How to sew on buttons | DRCOS Patterns & How To Make

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How to sew on buttons

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How to sew on buttons

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Buttoning is surprisingly troublesome, but once mastered, it can be sewn back on securely even if it comes off.

Repairing buttons, for example, is a chance to show men your girl power!

I will explain it as clearly as possible with pictures. It is easy to understand, so please try your best to learn it.

The thread is two-ply. A special thread called buttoning thread is available, but sewing machine thread will also work.

Here's the point out of the blue! You do not need a round knot at the end of the thread to attach the button. As you can see in the picture above, the knot is not made. It is the official way.

The reason why we don't tie a round knot is because if we tie a round knot, that part will be rumpled after completion, so we usually don't. Surprisingly, many people do not know this.

First, blind stitch the buttoning position (notch mark) of the collar stand about 1mm from the front side.

Be sure to blind stitch not only the front side but also the back side of the piece together. The basting thread of the notch mark should be removed here.

Since the thread end is not tied in a round knot, pull the thread so that it does not fall out.

Leave the thread as shown in the picture. This is called "discarded thread".

You can leave it longer and cut it shorter later.

From the state where the discarded thread is ready, thread the needle twice in the same position and it will not unravel even if there is no knot.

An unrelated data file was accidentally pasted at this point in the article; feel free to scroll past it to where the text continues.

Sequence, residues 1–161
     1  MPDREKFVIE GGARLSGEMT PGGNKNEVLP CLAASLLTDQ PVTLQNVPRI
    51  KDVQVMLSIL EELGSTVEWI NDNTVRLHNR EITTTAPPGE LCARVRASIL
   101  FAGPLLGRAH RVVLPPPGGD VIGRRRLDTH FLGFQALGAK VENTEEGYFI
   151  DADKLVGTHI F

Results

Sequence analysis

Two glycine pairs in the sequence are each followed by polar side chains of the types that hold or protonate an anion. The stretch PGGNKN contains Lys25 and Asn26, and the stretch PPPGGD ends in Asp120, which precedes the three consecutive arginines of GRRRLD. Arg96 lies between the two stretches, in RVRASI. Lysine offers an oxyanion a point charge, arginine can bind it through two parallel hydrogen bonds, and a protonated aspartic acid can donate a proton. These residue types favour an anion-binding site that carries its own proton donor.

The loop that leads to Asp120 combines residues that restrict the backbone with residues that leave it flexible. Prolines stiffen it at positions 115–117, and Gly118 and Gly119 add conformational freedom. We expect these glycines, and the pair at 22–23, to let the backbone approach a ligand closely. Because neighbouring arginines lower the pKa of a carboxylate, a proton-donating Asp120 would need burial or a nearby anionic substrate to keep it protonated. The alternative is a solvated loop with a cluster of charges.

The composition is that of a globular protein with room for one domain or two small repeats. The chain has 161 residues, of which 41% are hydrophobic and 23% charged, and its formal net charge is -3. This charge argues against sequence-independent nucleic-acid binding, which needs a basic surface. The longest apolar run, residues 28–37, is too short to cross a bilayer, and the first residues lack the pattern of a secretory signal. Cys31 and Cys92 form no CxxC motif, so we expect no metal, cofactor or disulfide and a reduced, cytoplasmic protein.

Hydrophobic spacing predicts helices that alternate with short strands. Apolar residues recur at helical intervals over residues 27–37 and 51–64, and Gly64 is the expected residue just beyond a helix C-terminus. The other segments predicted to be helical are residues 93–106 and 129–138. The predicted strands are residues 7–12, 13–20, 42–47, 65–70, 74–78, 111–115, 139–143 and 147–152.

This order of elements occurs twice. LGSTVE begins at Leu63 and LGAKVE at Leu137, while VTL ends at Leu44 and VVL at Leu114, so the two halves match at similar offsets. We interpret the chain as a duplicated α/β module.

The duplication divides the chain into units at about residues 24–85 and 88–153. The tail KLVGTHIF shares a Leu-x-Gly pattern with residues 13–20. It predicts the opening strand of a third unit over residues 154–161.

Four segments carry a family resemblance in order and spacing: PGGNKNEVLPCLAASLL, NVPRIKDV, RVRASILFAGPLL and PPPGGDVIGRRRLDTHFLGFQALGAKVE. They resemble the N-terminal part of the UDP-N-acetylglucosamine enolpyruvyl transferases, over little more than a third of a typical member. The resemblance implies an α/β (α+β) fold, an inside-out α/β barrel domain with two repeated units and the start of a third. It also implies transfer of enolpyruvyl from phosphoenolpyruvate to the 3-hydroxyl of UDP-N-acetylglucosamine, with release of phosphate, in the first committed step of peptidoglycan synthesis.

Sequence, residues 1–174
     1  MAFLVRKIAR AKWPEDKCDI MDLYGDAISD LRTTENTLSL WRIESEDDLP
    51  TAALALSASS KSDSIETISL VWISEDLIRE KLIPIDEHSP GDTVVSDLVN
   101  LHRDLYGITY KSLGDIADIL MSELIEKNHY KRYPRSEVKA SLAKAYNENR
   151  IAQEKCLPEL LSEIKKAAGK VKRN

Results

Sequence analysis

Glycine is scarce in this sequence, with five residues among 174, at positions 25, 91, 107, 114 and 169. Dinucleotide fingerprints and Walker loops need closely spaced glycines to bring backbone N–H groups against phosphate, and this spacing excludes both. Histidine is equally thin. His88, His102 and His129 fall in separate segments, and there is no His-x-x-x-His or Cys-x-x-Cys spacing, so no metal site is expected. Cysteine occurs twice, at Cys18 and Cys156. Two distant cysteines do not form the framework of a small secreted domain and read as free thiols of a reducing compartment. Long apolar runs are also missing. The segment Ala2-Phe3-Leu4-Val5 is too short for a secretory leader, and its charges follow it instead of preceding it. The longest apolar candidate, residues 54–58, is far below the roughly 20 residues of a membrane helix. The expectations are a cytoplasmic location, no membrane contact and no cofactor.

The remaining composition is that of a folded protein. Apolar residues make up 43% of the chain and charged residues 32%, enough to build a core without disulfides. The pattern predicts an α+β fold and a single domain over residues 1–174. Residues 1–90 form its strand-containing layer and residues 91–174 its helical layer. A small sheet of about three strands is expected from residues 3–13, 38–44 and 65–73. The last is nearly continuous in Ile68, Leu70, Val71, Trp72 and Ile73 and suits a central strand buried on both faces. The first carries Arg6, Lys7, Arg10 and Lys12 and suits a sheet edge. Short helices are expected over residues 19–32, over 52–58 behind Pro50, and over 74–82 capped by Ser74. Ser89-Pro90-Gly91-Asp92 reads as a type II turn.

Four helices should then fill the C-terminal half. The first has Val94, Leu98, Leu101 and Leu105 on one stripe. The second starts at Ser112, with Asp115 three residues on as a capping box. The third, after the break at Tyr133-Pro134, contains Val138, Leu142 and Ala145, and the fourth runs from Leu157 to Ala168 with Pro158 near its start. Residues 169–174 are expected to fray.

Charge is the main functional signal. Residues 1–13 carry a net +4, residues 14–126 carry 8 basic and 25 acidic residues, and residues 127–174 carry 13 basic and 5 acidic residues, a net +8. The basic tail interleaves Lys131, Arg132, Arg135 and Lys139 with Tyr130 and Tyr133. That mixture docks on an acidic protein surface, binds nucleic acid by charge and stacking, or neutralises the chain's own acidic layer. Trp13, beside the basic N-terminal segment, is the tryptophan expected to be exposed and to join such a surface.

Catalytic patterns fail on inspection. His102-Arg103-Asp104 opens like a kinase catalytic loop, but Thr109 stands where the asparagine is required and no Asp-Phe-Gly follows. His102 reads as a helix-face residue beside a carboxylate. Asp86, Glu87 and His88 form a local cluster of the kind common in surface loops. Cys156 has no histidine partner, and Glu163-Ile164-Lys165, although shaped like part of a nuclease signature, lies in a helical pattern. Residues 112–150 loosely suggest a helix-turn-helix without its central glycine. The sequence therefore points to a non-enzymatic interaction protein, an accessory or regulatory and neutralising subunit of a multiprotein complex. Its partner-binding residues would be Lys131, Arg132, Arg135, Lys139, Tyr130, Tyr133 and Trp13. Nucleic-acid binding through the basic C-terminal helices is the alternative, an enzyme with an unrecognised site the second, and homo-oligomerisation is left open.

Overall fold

This time, we will use the standard four-hole button, which is often used for shirts and the like.

When sewing a button, the needle is threaded through the hole from the bottom of the button, and the next time, the needle is threaded through the opposite hole from the top.

Once the holes button is threaded, sew it to the collar stand.

Leave about 4mm of thread foot, which is the "foot" of the button, as shown in the photo.

In this way, a gap (thread foot) is created between the button and the fabric.

It's a little tedious, but this thread foot makes it easier for the button to pass through the buttonhole.

Sew again in the same manner.

After two sew are sewn down, the next step is the remaining holes button.

Be sure to thread the needles in the order from bottom to top.

If you leave the thread foot, the button will be loose and unstable, making it difficult to sew down, but if you keep the thread foot taut while pulling on the button, it will be easier to sew down.

Thread twice as before, but do not sew the second thread to the collar stand as shown in the photo.

Wrap the thread around the thread foot from the bottom of the button to the collar stand.

Wrap it tightly so that it is not too loose.

And here's the point! When you wrap this button foot around, the "discarded thread" that was left at the very beginning is rolled in together and hidden.

Once the thread is wrapped around the thread foot, hook the thread around the index finger of the left hand and wrap the thread as shown in the photo.

When the thread is circled, a loop is formed, and the thread is threaded through it.

Pull the string slowly to avoid tangling.

Pass the needle from the base of the front side to the back side

Blind stitch on the reverse side, and backstitch 2~3 times.

Cut the thread.

The back side with the button. Scoop the same place for a clean finish.

The buttons are floating when viewed from the side.

"Thread foot" is a tedious process, but unlike ready-made buttons, buttons that you have carefully sewed on yourself are surprisingly sturdy and will not come off in the slightest!

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